Yet if you really reflect upon what virtues really are, they can hardly be considered bigotry. Someone who values certain character doesn’t necessarily have to judge the lack of it. One who is constantly in pursuit of that excellence and tries to uphold a high standard knows more than anyone else how difficult it is. Bigotry is more the sense that high standards should come easy for everyone and hence look down upon those who do not exhibit those standards.
To those who quietly recognise that the good life is meant to be lived and not ‘earned’ through material possession or collecting achievements. Thank you for soldiering on and showing the way.
From the last couple of blog posts, I’m clearly revisiting the pondering of my youth in college about the role that market ideas should take. As I learn to live in a different society – this time as a working adult – from where I grew up, I begin to become more conscious of the way we structure our societies and how that reflects our values.
More than 10 years ago, when I was exploring the Christian faith, my housemate got me to read ‘Counterfeit Gods’ by Timothy J Keller. It was a relatively easy but not quite comfortable to read. Tim Keller explained eloquently how we live diminished lives pursuing counterfeit gods who promise much but never delivers; and the deepest needs of our hearts are never satisfied by the things of this world. For me, it helped me desire more to explore the bible for myself and the gradually, as I delved into the riches of scriptures, I discovered more of how the gospel really changes our understanding of life and the world and is capable of shaping our response to it. I recognised the meaning of what good news it is for Jesus Christ to be my Saviour and God.
I went on to read the more difficult ‘Reason for God’ and went through a lot of Tim Keller’s sermons before I came to accept the faith. Of course, there was the help of my local church community, friends, not forgetting prayer and the scriptures. He came to be my favourite preacher and when I started dating my wife in college, the contents of ‘Meaning of Marriage’ both challenged and excited me as I come to appreciate more and more what God intends in the relationship between man and wife. As I learnt to navigate my work and career, I continued to draw upon the lessons from the scriptures with the help of Tim Keller’s preaching – which I would listen to during times when I did laundry, am alone running long distances or go on walks.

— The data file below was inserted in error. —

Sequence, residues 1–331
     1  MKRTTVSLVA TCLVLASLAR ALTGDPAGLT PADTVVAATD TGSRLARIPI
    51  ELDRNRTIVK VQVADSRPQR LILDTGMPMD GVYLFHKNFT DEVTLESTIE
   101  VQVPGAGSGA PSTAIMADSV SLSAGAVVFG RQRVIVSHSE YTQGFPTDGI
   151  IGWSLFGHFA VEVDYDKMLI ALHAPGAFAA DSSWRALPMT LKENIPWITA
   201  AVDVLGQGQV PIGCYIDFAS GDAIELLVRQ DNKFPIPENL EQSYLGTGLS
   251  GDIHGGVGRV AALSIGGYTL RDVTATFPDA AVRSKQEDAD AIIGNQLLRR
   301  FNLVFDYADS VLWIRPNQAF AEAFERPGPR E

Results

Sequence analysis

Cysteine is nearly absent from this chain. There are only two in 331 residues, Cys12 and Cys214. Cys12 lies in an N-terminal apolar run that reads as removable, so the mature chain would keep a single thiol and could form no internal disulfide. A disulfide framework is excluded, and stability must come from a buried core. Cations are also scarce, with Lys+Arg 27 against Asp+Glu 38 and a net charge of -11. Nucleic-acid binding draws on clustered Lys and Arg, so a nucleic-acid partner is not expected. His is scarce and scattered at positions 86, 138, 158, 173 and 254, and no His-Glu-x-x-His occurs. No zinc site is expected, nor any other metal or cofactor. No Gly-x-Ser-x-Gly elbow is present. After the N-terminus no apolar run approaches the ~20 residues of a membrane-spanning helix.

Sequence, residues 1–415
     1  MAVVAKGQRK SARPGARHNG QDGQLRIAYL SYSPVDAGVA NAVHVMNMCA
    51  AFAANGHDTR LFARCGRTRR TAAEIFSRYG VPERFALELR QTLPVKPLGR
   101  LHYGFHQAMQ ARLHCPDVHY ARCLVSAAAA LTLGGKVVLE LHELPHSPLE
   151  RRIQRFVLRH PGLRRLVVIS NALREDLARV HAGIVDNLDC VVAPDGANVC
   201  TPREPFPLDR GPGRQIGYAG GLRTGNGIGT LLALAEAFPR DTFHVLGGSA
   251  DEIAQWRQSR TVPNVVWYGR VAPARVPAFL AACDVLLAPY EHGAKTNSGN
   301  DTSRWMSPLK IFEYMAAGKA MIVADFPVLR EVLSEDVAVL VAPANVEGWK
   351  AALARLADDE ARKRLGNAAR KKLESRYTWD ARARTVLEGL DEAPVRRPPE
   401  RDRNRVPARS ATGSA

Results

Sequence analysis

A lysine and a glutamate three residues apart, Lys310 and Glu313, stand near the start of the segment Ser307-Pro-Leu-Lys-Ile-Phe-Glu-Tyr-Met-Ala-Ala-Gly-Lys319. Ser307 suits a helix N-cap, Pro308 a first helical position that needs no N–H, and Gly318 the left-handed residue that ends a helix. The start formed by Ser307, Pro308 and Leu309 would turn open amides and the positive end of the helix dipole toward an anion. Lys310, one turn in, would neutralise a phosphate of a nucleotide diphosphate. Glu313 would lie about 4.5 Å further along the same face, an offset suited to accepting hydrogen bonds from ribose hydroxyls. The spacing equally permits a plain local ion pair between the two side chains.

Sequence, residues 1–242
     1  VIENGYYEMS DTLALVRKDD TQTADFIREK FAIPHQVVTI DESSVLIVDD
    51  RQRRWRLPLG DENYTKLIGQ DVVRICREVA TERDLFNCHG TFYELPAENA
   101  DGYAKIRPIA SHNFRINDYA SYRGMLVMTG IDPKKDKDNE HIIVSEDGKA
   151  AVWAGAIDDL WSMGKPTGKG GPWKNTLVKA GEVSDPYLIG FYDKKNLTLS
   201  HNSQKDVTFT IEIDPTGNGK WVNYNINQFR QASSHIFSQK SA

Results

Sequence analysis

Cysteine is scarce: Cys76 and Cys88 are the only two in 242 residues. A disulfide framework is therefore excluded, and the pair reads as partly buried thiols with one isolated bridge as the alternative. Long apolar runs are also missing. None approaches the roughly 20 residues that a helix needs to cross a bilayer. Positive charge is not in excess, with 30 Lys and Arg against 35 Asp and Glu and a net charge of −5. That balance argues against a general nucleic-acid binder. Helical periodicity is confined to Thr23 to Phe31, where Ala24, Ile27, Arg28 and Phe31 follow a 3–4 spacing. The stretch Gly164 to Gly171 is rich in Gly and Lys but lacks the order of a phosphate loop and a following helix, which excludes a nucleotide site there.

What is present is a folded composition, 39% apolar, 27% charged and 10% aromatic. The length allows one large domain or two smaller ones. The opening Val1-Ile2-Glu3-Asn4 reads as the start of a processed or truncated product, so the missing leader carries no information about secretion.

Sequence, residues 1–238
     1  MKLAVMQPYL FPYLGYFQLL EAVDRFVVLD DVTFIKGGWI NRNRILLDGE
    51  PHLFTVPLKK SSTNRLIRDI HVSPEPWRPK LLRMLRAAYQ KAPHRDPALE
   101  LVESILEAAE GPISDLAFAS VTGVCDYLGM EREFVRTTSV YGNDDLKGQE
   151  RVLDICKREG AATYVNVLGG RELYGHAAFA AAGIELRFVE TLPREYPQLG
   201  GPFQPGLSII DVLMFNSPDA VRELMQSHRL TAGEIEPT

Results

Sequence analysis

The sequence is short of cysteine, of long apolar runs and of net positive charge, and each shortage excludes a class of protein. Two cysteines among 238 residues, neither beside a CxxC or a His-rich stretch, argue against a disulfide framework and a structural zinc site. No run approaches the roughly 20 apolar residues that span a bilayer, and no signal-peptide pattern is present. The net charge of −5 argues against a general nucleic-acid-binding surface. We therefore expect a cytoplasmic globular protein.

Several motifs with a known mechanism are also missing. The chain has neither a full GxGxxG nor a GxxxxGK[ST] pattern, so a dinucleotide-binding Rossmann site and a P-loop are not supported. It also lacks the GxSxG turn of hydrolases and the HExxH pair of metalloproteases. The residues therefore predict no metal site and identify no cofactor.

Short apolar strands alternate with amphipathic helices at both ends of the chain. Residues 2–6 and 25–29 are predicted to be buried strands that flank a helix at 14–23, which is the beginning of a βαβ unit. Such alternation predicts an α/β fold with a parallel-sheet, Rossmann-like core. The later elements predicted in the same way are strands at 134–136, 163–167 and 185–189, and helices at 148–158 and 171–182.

God had certainly reached out and enriched my understanding of His word greatly through the teaching by Tim Keller. Today, Tim Keller has gone to be with our great Saviour. And I want to remember his intellect, strength and wisdom enabled by God and used to do the good works that he has been prepared for. My heart is truly heavy at the loss of such a great teacher but I have full assurance that Tim is rejoicing with God. And I am challenged to grow and develop further my knowledge of God and my spiritual life, having seen how the richness in God works itself in the life of Tim Keller.
What is the difference between taking an ineffective action and inaction? I think most people think they are the same and in fact they’d rather take no action to save the costs of the ineffective action.
But I beg to differ. How did you know the action you’re about to undertake is an ineffective action? What are the factors driving effectiveness? In taking the action, do you not discover something new? If nothing changed on the situation, did anything change in terms of your knowledge and capabilities?
We tend to think more in terms of how we change a situation rather than change ourselves. But perhaps the change that we need in ourselves is way more pressing than the situation.
A friend who has a workaholic boss became really offended when my friend waxed lyrical about not wanting to work all the time and preferring to have more time with family should his life end abruptly. The boss countered “do you think I really want to work all the time?” This is probably a good question for most workaholics to ask themselves, myself included.
Work has become more than just pure toil and pains of labour. It has become fun, more aligned with passion, with a veil of impact and meaning attached to it, and a lot friendlier (ie. Restful) to the human physique. Perhaps more importantly, our expectations on what we can consume through our wages from labour has risen spectacularly. So work becomes even more central in our lives. And in most cases, we come to see it as so central it is such an integral part of our identities.